The first 33 seconds again proves why college athletes should be paid.
Zion Williamson, the star Duke freshman who has the Knicks and other lowly teams praying they win the NBA Draft Lottery, left the Cameron Indoor Stadium floor and didn’t return after suffering a mild right knee sprain. Williamson’s left foot burst through his Nikes during the opening minute of Wednesday night’s game.
When Barack Obama, Spike Lee, Todd Gurley, Floyd Mayweather, and Ken Griffey Jr. show up to a sporting event, you know it’s a big deal. That type of star power would suggest the competing athletes are getting paid.
Yet, that wasn’t the case for Zion when he limped off the floor and headed to the locker room, or for RJ Barrett, Cam Reddish, Tre Jones, and Nas Little when North Carolina defeated Duke 88-72.
Leading up to the game, there were reports about how ticket prices for a midweek regular season college basketball game were more expensive than the admission for Super Bowl LIII. One person was said to have spent over $10,000 to get inside of a gym that holds less than 10,000 people.
Yet, every player who played in Wednesday night’s game will wake up Thursday morning without any monetary thing to show from it in their bank accounts.
“Zion Williamson is an incredible player. However, it is moments like this that remind us of the college athlete’s fragility. It is $3k just to get into Cameron and Zion doesn’t get a dime. This is a young man who is as vulnerable as he is talented, and it saddens me to no end,” tweeted ESPN insider/analyst Jordan Schultz.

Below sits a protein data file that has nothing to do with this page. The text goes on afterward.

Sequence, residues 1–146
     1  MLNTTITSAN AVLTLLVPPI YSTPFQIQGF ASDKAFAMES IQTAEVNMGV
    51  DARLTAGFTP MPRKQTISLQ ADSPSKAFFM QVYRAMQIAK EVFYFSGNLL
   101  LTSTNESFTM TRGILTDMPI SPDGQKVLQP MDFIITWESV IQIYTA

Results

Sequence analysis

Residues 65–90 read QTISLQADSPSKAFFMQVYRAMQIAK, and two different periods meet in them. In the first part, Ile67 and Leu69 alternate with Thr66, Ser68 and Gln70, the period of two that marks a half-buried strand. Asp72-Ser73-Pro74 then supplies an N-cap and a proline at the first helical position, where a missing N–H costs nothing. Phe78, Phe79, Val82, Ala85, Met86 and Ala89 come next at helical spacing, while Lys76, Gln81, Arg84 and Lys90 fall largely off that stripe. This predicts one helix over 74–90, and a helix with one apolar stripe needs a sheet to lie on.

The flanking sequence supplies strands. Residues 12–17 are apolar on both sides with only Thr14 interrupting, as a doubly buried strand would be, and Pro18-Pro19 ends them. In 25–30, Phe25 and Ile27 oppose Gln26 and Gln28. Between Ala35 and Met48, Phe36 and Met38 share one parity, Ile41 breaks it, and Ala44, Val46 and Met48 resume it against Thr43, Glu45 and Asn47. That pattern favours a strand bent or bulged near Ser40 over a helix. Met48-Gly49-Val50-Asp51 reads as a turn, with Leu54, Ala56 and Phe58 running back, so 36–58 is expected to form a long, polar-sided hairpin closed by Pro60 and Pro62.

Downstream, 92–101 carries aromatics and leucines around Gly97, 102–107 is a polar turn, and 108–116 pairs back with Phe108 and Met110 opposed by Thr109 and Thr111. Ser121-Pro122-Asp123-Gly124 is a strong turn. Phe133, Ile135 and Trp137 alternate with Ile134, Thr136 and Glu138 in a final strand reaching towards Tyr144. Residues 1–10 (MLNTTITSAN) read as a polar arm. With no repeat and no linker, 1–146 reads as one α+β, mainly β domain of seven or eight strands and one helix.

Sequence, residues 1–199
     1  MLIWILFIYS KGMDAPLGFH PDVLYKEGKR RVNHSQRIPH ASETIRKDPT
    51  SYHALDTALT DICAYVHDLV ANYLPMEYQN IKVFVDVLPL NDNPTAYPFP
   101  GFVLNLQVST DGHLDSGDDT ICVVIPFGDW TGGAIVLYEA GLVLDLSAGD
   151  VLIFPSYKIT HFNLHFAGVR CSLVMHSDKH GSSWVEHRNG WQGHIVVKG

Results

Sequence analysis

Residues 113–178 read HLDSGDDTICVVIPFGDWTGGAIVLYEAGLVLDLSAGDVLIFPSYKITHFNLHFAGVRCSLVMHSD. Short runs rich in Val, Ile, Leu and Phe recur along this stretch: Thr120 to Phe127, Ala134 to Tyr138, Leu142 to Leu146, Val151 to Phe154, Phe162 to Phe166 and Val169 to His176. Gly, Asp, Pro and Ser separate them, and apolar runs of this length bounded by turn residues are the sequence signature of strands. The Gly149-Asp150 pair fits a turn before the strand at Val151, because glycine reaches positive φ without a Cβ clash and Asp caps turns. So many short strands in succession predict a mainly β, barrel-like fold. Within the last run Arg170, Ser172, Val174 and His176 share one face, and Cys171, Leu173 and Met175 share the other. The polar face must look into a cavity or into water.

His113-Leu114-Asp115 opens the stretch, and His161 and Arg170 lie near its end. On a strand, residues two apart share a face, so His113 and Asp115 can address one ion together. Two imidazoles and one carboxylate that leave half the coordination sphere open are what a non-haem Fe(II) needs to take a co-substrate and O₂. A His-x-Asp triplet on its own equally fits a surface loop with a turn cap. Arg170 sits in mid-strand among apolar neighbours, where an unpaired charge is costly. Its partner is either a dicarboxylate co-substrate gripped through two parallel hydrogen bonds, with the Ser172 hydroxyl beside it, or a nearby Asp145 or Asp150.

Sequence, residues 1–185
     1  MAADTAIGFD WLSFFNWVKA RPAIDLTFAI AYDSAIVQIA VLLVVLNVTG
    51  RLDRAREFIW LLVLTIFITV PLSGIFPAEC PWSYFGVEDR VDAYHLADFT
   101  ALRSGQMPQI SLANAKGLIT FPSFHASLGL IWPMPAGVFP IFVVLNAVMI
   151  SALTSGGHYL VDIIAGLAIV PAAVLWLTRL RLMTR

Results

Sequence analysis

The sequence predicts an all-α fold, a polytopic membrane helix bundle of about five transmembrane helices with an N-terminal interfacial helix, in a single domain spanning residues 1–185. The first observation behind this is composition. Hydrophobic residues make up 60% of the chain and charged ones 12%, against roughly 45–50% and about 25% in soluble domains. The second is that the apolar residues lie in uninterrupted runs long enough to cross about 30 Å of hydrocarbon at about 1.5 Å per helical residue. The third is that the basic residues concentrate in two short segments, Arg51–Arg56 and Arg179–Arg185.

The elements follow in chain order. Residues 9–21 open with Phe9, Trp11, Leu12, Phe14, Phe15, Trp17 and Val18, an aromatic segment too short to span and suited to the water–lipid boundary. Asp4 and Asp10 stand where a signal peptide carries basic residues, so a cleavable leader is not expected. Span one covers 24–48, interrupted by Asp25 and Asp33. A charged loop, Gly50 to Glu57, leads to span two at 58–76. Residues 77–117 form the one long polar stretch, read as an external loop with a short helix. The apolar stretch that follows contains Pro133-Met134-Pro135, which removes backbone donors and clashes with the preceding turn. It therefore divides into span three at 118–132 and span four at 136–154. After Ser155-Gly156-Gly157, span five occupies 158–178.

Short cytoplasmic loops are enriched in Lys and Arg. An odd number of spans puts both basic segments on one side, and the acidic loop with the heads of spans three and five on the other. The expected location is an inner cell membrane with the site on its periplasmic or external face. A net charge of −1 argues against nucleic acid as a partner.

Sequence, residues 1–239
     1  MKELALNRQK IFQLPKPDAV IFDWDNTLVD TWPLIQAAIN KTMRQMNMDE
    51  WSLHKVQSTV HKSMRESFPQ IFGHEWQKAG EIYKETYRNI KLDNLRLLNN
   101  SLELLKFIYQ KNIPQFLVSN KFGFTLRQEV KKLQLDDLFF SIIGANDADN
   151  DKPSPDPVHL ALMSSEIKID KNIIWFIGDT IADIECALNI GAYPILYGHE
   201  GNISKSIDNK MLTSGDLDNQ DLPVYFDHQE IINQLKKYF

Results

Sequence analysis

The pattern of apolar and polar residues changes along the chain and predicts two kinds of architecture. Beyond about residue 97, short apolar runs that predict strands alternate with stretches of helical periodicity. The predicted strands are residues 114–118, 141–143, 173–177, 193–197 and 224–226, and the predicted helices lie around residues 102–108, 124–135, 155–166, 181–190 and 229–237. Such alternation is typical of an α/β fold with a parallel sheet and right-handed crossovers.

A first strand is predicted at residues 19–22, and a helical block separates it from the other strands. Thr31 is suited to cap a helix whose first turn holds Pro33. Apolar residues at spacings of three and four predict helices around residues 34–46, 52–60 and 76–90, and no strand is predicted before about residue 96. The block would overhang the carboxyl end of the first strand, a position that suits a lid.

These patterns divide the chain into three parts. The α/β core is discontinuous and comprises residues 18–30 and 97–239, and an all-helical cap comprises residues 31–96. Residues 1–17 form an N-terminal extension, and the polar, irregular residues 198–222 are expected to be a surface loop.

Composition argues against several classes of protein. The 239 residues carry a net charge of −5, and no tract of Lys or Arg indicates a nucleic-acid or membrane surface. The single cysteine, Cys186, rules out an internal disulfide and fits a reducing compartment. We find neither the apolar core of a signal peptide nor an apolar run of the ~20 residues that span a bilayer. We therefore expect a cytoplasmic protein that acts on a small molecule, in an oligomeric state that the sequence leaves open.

Everybody got paid on Wednesday night. Except for the people who did the actual work.
That’s because Williamson, Barrett, Reddish, Jones, and Little are supposed to be content with tuition, room, board, and free Nike gear. This, even though the five freshmen from Duke and UNC are the only ones who are locks to get drafted in this summer’s NBA Draft — when they can finally make a living off their likeness and abilities.
“So Zion is out for tonight. Maybe it’s a significant injury, perhaps not. Here’s hoping it’s not. Imagine, though, if it is: how much has he accounted for, financially, for not only Duke but also ESPN and every other outlet that profits from college basketball, including us?” tweeted Raleigh News & Observer sports reporter Andrew Carter.
Last month, ESPN announced that the top-5 matchup between then-No. 4 Virginia and No. 1 Duke brought in 3,764,000 viewers, making it the most-watched college basketball game across all networks this season. By the final minutes of the game, the audience peaked to 4,980,000 viewers.
And thanks to Williamson, Barrett, Reddish, and Jones, ESPN has seen an increase of 18% in viewership for Duke games compared to last season, and that team included Marvin Bagley, Wendell Carter Jr., Grayson Allen and Gary Trent Jr. who were the second, seventh, 21st, and 37th picks in last year’s NBA Draft, respectively.
Entering Wednesday night, the top five college basketball games that have aired on ESPN this season all featured the Blue Devils and their talented foursome of NBA-bound one-and-done freshmen.
Yet, they still have nothing to show for it.
Last month, Jay Z sat courtside for a game between Duke and Pittsburgh. A few weeks later, Lebron James, Rajon Rondo, Kentavious Caldwell-Pope and Rich Paul (LeBron’s close friend and agent) checked out a game between the Blue Devils and Virginia.